Wednesday, February 8, 2012

The Future or the End of History?

It would take a great deal of confidence, in these uncertain and changing times, to publish an article called "The Future of History." Yet, this is precisely what Francis Fukuyama has done in the Jan-Feb 2012 issue of Foreign Affairs.[1] It is a bold title since it not only places this article in the ideological path of his most famous work, “The End of History and the Last Man,” but it also suggests a fundamental departure from those ideas with which he is usually associated. History seen as a directional process with a past, a present and a future is a philosophical and historiographic concept. This article, though, is not really about the future of History, but more about the political future of the world, and in particular the Western world. Nevertheless, in order to understand this latest contribution and perhaps any article of Francis Fukuyama’s, it is necessary to understand what he meant by the “end of History.”

Anyone who is interested in the modern world should read “The End of History and the Last Man.” It is without a doubt one of the most influential political works of the last decades, even though it is based mostly on 19th century ideas. Indeed, since it is heavily endebted to Hegel and Nietzsche, “The End of History” can serve as a good introduction to these two highly influential thinkers. Both of them developed original ideas about the evolution of the individual’s place and consciousness in the modern society. The problem, however, is that Fukuyama’s interpretation of these ideas was sometimes doubtful, and this makes any subsequent analysis of current affairs through this prism also open to the same criticism. Perhaps the most important objection relates to the rosy and caricatural picture that he drew of the “liberal democracy.” However, before reviewing this point, it is necessary to first recall the main ideas.

Briefly, according to Hegel, History, seen as a process of continuous ideological and moral development, “ended” with Napoleon’s victory at Jena in 1806, because with it, the universal values of the Enlightenment had thereby spread to all advanced peoples of the earth. Fukuyama used this idea in order to propose that History in fact ended in 1991 after all major communist regimes had crumbled or changed: ideology was dead, “liberal democracy” represented the “end point of mankind's ideological evolution,'' according to Fukuyama. Underpinning this idea is the concept of “recognition” in the way Hegel saw this term.[2] The ancient and feudal societies were based on the Master and Slave dichotomy and have slowly disappeared over the last centuries. In the democratic era, more and more people have for the first time been able to satisfy their desire for dignity, for recognition – that human trait that Plato called thumos, or “spiritedness.”[3] Liberal democracy is, for Fukuyama, therefore unique: it is a system which has achieved democratic legitimacy by obtaining the recognition of its citizens. Conversely, the citizens of the “liberal democracy” have no longer any desire or reason to seriously confront each other or the state because society provides them with all necessary outlets for achieving recognition. Contrary to all previous societies, in the modern liberal democracy recognition can be obtained, for example, by achieving status through salaried work, by voting in fair elections, by succeeding in the capitalist business environment, or by becoming physically victorious in sports.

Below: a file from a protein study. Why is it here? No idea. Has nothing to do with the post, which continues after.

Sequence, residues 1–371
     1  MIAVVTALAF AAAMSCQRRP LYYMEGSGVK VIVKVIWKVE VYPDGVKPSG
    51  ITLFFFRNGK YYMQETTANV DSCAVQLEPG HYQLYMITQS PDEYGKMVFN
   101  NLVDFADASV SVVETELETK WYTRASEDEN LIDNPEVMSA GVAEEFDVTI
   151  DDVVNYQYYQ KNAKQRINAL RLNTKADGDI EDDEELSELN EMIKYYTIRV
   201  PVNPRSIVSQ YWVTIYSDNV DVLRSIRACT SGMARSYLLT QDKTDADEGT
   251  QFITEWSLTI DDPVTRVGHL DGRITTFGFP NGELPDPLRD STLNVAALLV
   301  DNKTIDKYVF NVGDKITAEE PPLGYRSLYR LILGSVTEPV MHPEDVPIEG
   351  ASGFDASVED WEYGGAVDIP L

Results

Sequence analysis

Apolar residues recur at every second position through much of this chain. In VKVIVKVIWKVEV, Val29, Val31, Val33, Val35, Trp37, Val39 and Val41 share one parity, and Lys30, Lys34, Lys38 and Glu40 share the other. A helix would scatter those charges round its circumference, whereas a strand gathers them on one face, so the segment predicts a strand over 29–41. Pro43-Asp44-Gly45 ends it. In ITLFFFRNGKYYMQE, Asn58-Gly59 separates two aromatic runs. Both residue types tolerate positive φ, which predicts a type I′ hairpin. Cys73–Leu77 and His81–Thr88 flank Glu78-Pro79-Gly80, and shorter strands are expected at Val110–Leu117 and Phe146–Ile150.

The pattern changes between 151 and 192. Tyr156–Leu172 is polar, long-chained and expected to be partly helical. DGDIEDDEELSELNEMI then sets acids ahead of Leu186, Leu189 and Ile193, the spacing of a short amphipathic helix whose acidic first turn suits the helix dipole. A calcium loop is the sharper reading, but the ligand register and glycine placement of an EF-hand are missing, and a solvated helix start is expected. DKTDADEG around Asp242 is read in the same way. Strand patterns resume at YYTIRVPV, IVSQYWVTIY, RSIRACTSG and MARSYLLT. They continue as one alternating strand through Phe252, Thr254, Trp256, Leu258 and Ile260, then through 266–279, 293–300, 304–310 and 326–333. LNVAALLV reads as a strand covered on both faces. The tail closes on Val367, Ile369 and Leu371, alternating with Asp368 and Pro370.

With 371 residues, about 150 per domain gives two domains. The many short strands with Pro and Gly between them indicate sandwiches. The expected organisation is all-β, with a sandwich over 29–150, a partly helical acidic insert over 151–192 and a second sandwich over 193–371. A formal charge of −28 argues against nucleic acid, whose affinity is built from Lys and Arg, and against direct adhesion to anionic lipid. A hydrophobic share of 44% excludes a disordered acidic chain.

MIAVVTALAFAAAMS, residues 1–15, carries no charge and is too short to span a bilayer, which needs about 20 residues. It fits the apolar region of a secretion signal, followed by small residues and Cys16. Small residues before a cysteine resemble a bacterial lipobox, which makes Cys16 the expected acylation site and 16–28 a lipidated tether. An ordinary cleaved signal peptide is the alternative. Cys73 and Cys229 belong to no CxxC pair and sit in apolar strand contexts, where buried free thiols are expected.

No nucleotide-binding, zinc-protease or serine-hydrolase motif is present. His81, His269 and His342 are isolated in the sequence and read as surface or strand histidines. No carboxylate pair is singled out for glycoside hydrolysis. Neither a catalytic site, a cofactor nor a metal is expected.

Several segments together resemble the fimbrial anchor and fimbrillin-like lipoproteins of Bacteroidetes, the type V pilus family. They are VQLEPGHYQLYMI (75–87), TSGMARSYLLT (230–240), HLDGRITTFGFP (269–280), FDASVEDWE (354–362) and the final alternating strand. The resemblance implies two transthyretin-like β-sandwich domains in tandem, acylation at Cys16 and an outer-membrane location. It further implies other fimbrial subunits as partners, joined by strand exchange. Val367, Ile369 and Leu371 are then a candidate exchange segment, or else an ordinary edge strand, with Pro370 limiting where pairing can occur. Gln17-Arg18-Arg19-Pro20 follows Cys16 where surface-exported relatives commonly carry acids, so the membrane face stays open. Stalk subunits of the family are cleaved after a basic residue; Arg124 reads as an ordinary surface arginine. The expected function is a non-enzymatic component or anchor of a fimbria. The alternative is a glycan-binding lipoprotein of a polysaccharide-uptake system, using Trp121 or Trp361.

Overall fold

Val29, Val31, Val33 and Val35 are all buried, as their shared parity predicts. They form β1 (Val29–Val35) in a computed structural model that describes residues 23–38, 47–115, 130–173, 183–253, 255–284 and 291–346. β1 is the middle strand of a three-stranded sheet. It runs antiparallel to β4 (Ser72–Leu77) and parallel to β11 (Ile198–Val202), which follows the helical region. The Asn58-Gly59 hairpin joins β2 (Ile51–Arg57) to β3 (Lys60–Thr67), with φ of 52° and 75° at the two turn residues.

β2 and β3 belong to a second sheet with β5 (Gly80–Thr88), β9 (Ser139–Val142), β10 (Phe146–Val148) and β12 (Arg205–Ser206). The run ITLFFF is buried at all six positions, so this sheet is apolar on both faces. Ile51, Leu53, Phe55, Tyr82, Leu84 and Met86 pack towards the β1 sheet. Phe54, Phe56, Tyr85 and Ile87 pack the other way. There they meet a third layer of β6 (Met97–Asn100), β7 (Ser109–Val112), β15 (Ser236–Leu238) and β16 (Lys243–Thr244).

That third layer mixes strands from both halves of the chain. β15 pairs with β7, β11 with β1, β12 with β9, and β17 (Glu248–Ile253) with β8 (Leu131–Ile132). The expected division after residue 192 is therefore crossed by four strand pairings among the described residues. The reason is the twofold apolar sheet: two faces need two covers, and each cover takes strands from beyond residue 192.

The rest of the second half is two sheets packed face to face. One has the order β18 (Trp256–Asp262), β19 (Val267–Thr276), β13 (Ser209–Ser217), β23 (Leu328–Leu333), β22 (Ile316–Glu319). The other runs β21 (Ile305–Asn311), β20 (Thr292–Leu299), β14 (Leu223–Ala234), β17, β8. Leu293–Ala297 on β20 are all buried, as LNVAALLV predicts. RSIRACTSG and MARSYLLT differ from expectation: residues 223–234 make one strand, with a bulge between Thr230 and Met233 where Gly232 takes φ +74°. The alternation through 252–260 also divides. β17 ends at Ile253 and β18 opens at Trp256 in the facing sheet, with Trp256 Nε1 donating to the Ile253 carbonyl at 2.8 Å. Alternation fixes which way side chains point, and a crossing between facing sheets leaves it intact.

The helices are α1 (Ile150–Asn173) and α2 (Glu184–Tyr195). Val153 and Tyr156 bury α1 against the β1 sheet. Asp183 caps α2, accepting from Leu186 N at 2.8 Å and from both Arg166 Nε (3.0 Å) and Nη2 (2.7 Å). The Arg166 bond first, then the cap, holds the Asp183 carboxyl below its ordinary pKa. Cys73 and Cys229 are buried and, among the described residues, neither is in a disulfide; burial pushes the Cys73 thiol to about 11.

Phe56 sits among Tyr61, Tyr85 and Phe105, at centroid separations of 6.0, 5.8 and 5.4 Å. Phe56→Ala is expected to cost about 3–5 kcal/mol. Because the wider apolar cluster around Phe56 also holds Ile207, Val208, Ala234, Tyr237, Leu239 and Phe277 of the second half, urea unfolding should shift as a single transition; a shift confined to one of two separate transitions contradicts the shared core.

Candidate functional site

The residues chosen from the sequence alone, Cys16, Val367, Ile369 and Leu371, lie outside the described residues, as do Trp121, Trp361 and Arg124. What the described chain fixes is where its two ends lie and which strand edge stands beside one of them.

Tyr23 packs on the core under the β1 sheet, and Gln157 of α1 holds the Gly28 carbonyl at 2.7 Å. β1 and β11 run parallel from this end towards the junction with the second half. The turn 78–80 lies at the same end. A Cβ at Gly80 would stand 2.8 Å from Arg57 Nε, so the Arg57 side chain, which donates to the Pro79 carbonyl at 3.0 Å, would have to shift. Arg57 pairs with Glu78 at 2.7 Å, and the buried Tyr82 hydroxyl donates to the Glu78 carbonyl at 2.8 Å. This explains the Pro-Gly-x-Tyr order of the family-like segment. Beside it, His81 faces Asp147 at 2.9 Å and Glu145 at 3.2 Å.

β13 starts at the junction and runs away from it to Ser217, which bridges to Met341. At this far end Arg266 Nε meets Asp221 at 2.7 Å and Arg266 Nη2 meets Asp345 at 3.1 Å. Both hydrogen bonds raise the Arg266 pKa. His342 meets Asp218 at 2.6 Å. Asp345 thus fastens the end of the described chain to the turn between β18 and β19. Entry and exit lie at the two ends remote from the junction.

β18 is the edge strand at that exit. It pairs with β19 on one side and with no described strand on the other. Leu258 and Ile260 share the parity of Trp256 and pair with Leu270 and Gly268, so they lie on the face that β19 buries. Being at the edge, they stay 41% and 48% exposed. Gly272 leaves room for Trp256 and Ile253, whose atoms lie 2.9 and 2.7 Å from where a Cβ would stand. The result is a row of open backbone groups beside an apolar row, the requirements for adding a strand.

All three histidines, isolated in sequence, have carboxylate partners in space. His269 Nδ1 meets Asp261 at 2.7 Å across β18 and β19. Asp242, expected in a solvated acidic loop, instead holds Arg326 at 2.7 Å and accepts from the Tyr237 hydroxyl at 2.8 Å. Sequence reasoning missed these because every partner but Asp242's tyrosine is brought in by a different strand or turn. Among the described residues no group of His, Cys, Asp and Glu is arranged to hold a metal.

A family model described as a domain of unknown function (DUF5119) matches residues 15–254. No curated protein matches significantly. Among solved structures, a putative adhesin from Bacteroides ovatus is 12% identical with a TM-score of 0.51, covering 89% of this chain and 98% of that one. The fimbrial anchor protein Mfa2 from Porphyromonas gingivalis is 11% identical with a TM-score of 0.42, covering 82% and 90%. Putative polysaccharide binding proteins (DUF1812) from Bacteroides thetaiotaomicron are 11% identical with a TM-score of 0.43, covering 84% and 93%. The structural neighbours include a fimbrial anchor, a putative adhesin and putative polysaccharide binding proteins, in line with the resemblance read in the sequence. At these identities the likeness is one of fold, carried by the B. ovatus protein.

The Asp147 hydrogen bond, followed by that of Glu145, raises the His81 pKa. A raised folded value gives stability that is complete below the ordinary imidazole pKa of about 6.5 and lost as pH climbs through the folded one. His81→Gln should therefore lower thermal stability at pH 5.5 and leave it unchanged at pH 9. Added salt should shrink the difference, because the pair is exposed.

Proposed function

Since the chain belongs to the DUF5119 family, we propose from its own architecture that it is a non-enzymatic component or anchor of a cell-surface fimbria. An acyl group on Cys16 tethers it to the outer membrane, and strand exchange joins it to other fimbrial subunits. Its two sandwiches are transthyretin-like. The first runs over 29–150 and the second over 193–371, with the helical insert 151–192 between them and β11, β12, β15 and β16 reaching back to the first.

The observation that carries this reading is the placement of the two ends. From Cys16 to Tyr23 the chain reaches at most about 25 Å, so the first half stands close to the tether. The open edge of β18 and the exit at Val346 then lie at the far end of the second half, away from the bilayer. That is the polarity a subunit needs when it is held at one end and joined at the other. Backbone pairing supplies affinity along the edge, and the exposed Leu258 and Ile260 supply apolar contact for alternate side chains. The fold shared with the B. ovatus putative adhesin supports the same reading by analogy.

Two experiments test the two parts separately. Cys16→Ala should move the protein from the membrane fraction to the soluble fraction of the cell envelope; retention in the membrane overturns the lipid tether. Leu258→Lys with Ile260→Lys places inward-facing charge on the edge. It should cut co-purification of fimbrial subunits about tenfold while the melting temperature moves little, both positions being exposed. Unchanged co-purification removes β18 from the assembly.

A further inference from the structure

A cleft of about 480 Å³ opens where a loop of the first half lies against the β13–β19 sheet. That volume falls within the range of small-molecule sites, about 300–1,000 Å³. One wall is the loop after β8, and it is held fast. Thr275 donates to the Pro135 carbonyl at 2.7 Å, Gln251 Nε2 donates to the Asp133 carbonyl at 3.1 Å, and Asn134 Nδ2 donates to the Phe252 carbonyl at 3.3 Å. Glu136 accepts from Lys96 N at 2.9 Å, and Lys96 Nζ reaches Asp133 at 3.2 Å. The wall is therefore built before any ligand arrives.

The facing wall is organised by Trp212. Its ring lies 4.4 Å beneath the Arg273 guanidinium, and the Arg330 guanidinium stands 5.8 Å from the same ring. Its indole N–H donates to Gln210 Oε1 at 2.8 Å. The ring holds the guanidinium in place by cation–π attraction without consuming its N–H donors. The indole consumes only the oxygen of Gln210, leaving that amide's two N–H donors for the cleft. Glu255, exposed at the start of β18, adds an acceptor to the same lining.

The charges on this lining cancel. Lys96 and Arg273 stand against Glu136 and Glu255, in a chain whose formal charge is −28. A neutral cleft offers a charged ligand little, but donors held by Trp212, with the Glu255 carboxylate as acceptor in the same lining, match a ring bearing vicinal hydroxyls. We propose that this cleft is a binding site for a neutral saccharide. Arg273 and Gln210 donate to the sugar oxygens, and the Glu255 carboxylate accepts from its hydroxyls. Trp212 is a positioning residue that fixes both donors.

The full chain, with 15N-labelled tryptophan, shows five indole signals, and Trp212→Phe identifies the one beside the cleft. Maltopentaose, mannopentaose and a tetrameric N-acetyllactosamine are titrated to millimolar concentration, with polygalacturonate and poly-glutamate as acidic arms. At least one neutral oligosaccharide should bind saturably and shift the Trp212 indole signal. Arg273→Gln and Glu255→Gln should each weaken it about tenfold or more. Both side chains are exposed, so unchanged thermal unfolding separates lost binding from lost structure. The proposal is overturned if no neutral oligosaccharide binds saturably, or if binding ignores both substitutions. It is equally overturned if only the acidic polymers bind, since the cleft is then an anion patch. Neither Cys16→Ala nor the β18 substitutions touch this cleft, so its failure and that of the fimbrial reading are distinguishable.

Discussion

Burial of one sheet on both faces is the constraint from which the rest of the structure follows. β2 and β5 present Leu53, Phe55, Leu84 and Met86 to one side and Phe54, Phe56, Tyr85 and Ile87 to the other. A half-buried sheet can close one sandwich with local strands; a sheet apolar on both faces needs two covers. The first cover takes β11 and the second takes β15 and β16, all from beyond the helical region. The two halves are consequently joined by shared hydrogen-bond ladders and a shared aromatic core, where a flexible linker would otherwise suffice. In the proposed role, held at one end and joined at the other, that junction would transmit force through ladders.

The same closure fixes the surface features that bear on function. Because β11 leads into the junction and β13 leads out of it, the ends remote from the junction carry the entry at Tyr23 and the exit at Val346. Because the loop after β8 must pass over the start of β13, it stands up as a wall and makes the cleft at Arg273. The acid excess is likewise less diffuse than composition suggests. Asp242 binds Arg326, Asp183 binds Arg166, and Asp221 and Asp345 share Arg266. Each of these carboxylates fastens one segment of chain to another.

Before addressing the application of Hegelian "recognition" to modern society, it is necessary to look more closely at the term "liberal democracy." In reality, the societies that are called “liberal democracies” are often far from deserving the name. It is usually a euphemism for a very different political and economic reality. Most Western societies, not least the USA, have been characterised since approximately the 1940s, by a high degree of statism and rather than calling them “liberal democracies,” it may be more correct to say that they have implemented various versions of “state capitalism.” Neither from the point of view of classic liberalism nor from the point of view of a democratic ideal is it possible to say that those societies which are commonly called “liberal democracies” live up to the expectations inherent in these two words.

Yet, Fukuyama presented the “liberal democracy” as an almost flawless political system. Such thinking goes against all serious political philosophy, starting with Plato. In “The Republic,” the political system called “democracy”, or the rule of the people, was famously presented as just one of several possible systems and certainly not the best one. Further, it warned that democracy can easily degenerate into tyranny, not only because power corrupts, but because the masses are incapable of electing a just ruler. Paradoxically therefore, it is only by keeping in mind the imperfections of the democratic system that a certain acceptable level of democracy can be sustained. Thinkers like Alexis de Tocqueville, John Stuart Mill and George Santayana understood very well this fragile nature of democracy. It is important in the current discussion to remember Mill’s observation that even a democratically elected government can have complete legitimacy only in the eyes of the majority that elected it. Santayana said that constitutional democracy is not enough, in itself, to assure the survival of the democratic system; there must be an “instinct” of democracy in the people, that instinct which “assumes that, unless all those concerned keep a vigilant eye on the course of public business and frequently pronounce on its conduct, they will before long awake to the fact that they have been ignored and enslaved.”[4] Such precautions about the nature of democracy were conspicuously absent from Fukuyama’s major work. There are serious implications to such omissions; for democracy cannot be the end point of political struggle if inherent in the concept of democracy itself is the constant struggle to uphold it. Fukuyama was either ignorant of these aspects of the liberal democracy, or more likely, wilfully chose to be politically correct and not mention its dirtier sides.